Identifying Bacterial Airways Infection in Stable Severe Asthma Using Oxford Nanopore Sequencing Technologies.
Jabeen MF., Sanderson ND., Foster D., Crook DW., Cane JL., Borg C., Connolly C., Thulborn S., Pavord ID., Klenerman P., Street TL., Hinks TSC.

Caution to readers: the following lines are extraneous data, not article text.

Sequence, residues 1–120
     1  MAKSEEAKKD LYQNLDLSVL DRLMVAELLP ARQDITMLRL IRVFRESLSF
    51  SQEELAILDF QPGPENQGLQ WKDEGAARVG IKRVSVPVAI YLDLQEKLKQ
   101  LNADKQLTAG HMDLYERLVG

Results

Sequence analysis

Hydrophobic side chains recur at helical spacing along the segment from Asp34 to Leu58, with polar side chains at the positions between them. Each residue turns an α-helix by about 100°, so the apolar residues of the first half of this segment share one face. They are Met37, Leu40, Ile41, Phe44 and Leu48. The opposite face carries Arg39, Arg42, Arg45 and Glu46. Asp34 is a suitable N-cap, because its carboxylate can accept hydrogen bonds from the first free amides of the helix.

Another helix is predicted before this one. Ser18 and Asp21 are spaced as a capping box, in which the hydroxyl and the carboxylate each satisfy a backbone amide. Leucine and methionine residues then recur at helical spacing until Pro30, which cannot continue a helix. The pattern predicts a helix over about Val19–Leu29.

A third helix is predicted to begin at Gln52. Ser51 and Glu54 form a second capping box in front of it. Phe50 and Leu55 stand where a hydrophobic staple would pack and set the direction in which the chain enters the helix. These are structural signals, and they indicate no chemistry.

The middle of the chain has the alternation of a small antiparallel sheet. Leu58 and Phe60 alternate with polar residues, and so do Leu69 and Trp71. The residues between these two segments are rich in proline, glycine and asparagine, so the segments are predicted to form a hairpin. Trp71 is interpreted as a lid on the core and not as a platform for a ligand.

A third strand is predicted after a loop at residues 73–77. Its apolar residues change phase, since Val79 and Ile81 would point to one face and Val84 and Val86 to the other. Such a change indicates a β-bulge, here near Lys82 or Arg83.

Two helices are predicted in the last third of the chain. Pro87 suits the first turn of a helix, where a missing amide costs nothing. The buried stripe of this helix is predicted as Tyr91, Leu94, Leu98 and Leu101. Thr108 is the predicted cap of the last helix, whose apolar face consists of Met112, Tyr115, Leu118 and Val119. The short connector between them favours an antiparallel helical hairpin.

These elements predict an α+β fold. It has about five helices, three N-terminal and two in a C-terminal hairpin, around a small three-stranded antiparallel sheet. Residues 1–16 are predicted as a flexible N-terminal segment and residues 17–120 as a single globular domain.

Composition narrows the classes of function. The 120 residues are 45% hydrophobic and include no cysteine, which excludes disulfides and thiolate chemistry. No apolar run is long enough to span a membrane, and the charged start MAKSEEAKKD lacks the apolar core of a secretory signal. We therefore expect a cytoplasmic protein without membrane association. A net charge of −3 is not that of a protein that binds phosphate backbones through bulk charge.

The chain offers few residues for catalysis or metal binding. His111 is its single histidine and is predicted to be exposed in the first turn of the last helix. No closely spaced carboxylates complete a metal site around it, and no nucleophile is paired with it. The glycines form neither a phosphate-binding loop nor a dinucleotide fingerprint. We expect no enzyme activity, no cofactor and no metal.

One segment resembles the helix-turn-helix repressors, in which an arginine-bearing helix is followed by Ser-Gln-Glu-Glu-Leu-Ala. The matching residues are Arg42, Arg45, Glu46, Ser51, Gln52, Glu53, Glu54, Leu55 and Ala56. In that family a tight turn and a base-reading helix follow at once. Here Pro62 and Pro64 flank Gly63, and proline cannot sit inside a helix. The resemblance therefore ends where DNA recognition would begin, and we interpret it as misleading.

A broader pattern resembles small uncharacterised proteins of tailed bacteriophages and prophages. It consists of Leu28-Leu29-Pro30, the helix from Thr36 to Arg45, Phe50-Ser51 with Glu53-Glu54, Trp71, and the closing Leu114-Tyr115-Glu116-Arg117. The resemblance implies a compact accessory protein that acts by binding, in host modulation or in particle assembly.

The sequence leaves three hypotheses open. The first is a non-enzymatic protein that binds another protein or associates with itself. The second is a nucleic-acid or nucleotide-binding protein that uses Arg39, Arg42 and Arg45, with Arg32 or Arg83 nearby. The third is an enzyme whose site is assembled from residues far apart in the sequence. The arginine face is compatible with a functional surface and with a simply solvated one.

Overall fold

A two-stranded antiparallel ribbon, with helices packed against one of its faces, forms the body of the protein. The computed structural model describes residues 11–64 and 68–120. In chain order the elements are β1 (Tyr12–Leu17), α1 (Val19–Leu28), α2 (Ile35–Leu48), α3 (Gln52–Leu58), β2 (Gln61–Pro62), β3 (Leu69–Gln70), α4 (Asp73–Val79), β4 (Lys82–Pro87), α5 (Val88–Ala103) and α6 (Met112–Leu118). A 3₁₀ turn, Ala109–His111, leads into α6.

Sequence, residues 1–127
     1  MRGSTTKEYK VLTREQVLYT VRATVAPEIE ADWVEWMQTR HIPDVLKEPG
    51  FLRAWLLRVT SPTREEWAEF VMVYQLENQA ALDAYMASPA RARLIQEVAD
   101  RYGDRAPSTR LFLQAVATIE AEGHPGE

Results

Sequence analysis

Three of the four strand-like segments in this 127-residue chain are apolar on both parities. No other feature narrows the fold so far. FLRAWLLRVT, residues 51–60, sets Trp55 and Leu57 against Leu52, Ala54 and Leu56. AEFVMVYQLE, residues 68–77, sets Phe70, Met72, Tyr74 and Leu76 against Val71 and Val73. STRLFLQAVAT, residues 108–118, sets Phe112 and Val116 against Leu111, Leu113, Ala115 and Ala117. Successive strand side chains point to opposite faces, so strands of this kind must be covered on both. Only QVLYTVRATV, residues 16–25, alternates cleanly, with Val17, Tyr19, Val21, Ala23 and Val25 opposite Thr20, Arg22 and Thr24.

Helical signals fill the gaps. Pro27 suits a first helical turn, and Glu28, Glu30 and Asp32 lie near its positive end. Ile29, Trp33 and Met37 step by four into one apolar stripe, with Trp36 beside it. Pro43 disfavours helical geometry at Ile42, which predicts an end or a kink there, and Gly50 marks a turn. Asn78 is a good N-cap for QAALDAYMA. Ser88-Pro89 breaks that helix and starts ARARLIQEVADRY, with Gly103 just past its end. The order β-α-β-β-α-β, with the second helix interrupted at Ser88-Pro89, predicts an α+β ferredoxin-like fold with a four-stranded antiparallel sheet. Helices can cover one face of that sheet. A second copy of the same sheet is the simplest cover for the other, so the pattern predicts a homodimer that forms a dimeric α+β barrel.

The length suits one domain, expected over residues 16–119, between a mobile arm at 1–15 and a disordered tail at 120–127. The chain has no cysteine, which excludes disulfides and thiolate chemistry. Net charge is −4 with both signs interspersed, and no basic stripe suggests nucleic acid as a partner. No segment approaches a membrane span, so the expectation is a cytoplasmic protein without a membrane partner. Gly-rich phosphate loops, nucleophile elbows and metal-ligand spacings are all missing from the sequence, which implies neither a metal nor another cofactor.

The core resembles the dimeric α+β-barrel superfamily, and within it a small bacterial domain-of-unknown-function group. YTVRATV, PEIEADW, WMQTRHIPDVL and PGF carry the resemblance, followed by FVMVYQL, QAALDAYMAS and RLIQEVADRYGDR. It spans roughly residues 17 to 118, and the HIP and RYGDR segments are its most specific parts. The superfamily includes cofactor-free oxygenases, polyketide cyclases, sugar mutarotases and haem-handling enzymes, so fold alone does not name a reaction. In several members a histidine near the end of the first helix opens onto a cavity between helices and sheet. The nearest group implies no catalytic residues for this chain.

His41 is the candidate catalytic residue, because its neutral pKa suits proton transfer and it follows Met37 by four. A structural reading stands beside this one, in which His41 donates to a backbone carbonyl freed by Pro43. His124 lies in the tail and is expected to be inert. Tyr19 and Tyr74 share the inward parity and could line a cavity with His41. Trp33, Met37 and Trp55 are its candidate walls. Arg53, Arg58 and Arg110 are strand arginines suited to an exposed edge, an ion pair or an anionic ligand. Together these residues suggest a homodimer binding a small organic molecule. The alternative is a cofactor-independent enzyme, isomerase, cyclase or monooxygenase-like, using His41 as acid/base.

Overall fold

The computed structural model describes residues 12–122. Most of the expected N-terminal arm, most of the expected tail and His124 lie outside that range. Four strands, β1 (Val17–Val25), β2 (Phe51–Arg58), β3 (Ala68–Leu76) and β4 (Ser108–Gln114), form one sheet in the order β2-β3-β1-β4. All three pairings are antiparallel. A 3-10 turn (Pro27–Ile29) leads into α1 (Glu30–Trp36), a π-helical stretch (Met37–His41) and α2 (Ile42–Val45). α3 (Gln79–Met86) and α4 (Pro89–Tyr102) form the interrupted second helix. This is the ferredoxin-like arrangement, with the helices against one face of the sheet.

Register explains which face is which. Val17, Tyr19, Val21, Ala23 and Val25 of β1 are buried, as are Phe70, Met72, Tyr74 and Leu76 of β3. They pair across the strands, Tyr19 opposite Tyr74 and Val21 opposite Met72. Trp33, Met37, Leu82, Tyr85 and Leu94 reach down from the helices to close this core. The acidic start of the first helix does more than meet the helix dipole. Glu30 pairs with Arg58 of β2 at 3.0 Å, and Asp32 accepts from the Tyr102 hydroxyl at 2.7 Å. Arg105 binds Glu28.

Previous metagenomic studies in asthma have been limited by inadequate sequencing depth for species-level bacterial identification and by heterogeneity in clinical phenotyping. We hypothesize that chronic bacterial airways infection is a key "treatable trait" whose prevalence, clinical phenotype and reliable biomarkers need definition. In this study, we have applied a method for Oxford Nanopore sequencing for the unbiased metagenomic characterization of severe asthma. We optimized methods to compare performance of Illumina MiSeq, Nanopore sequencing, and RT-qPCR on total sputum DNA extracts against culture/MALDI-TOF for analysis of induced sputum samples from highly phenotyped severe asthma during clinical stability. In participants with severe asthma (n = 23) H. influenzae was commonly cultured (n = 8) and identified as the dominant bacterial species by metagenomic sequencing using an optimized method for Illumina MiSeq and Oxford Nanopore. Alongside superior operational characteristics, Oxford Nanopore achieved near complete genome coverage of H. influenzae and demonstrated a high level of agreement with Illumina MiSeq data. Clinically significant infection was confirmed with validated H. influenzae plasmid-based quantitative PCR assay. H. influenzae positive patients were found to have sputum neutrophilia and lower FeNO. In conclusion, using an optimized method of direct sequencing of induced sputum samples, H. influenzae was identified as a clinically relevant pathogen in severe asthma and was identified reliably using metagenomic sequencing. Application of these protocols in ongoing analysis of large patient cohorts will allow full characterization of this clinical phenotype. IMPORTANCE The human airways were once thought sterile in health. Now metagenomic techniques suggest bacteria may be present, but their role in asthma is not understood. Traditional culture lacks sensitivity and current sequencing techniques are limited by operational problems and limited ability to identify pathogens at species level. We optimized a new sequencing technique-Oxford Nanopore technologies (ONT)-for use on human sputum samples and compared it with existing methods. We found ONT was effective for rapidly analyzing samples and could identify bacteria at the species level. We used this to show Haemophilus influenzae was a dominant bacterium in the airways in people with severe asthma. The presence of Haemophilus was associated with a "neutrophilic" form of asthma - a subgroup for which we currently lack specific treatments. Therefore, this technique could be used to target chronic antibiotic therapy and in research to characterize the full breadth of bacteria in the airways.